The letters in question are in fact poems by Ted Hughes. The current printing does not appear to include an index. You might think that poetry volumes don’t need one. However, some poetry books include indexes of first lines as these may be better known that the titles of the poems. The reader is therefore helped by having the titles at the front and the first lines at the back. The lines are usually given as they stand in the text. Here’s a quick sample from the poems, might they make you want to read the poems more than the titles alone?
Lucas my friend, one
Our magazine was merely an overture
Stupid with confidence, in the playclothes
What were those caryatids bearing?
Where was it, in the Strand?
A quick place-holding blogette – Amazon/the publisher don’t let us look all the way inside this book so I’ll have to try and find a real hard copy in a library or book shop and check it out to see if there even is an index in it. Who knows, I might even end up reading it. The Guardian review suggests that the author is indeed a real human being, something the current candidates for his position could do well to remember.
For 2016 Author Robert McCrum has compiled a list of the 100 best non-fiction books. These are “key texts in English that have shaped our literary culture and made us who we are”, in the Anglo-American English language tradition, the list covers “essential works of philosophy, drama, history, science and popular culture”.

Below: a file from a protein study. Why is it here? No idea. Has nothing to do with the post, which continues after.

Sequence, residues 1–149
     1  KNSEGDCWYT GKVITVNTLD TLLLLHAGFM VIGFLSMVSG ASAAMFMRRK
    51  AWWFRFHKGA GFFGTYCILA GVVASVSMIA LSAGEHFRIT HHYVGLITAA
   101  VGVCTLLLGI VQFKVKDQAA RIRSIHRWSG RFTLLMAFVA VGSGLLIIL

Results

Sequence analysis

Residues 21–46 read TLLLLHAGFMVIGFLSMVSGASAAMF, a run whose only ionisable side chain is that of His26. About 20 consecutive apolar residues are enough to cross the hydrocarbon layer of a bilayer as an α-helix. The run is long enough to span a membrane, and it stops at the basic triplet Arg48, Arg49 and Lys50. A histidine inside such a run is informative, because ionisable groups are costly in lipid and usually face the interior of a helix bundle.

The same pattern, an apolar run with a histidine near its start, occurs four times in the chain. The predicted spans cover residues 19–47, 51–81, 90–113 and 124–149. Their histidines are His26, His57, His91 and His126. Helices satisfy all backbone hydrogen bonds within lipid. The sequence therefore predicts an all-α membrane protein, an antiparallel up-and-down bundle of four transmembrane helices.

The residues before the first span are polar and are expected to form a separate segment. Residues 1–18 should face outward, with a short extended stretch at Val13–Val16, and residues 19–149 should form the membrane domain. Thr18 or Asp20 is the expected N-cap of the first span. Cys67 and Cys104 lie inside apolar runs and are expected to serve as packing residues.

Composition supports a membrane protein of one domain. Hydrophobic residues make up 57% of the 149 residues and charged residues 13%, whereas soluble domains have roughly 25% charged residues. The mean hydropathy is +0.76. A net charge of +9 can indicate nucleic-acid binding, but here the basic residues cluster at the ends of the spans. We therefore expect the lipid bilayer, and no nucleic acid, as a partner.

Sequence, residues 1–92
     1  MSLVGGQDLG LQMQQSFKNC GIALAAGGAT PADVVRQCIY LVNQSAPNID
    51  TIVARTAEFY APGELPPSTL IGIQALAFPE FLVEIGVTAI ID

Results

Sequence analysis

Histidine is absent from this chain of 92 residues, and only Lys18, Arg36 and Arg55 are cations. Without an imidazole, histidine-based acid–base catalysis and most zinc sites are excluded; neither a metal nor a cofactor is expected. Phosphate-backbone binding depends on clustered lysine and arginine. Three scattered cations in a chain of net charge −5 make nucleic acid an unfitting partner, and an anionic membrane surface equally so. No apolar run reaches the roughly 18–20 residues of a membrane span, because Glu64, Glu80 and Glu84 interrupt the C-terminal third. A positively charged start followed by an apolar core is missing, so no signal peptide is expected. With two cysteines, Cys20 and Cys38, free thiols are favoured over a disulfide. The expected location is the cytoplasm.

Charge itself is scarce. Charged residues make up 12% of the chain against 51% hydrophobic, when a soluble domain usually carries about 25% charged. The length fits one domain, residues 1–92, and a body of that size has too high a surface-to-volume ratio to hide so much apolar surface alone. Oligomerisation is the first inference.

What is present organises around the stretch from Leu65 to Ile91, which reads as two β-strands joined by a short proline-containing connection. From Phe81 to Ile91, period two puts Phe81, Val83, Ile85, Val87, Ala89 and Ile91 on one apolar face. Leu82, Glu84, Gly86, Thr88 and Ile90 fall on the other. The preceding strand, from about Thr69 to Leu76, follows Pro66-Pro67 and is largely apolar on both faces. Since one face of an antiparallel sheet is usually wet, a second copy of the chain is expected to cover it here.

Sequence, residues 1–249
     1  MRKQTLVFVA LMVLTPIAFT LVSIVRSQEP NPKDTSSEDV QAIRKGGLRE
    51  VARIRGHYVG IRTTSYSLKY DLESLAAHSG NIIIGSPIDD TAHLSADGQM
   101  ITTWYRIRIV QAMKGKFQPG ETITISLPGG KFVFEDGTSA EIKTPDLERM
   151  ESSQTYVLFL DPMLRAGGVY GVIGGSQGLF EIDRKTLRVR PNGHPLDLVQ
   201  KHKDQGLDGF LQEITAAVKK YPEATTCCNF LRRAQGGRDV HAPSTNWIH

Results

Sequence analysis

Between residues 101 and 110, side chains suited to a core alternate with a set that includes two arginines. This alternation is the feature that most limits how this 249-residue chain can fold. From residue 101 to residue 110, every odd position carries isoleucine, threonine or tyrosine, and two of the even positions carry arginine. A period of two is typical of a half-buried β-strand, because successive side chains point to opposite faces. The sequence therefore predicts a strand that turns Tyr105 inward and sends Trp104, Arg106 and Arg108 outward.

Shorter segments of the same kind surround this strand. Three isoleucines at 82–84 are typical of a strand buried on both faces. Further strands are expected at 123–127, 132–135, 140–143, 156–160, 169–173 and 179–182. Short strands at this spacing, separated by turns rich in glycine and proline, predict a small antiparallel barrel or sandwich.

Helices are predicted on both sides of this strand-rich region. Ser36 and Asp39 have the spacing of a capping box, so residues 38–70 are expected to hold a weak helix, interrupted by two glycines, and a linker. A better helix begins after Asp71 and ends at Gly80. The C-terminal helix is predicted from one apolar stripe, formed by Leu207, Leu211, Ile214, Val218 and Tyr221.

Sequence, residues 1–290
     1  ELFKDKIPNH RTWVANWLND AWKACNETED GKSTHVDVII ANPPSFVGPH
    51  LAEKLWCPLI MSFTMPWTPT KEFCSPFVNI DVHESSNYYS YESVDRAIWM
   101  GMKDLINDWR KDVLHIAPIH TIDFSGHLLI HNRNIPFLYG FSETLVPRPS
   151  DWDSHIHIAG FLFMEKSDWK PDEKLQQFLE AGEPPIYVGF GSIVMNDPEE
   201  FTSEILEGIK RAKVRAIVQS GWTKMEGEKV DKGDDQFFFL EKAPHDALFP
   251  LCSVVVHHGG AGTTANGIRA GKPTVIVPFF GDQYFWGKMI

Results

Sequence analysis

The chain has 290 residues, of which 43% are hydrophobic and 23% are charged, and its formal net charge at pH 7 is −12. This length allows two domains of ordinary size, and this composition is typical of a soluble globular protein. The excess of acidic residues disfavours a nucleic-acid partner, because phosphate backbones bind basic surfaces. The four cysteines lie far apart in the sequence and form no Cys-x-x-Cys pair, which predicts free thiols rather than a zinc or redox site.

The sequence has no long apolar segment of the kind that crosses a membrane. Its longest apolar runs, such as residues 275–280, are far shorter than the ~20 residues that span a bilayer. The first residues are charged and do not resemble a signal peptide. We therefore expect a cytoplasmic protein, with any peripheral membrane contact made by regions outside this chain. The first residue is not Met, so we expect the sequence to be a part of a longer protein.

Indexers love lists too, usually of words to put into indexes. So I thought I’d run a parallel list and take a look, where possible, inside the books at the indexes.
The second summary is of The Year of Magical Thinking by Joan Didion. Amazon usefully allows us to ‘look inside’ this volume. It doesn’t have an index, so what can I say about it?
This is a very intimate and personal memoir of a difficult time. The book is non-fiction because it is ‘a true story’ that happened to someone. In this case the editor deciding on whether to include an index would have to consider whether readers would want to be able to consult different parts of the book. What questions might they have? Which friends are mentioned? Which hospital/s was her daughter treated in? What medical treatments are suggested and given? What emotions does the author describe? Is this enough to warrant the inclusion of an index? In this case, perhaps not because of the personal nature of the story.
Not all non-fiction needs an index but the decision has to be taken carefully. In memoirs it is often the case that the author has dropped the names of everyone they ever met, places they went, food they ate, and things they did. But a book like this dealing with an episode in a person’s life don’t fall into that category.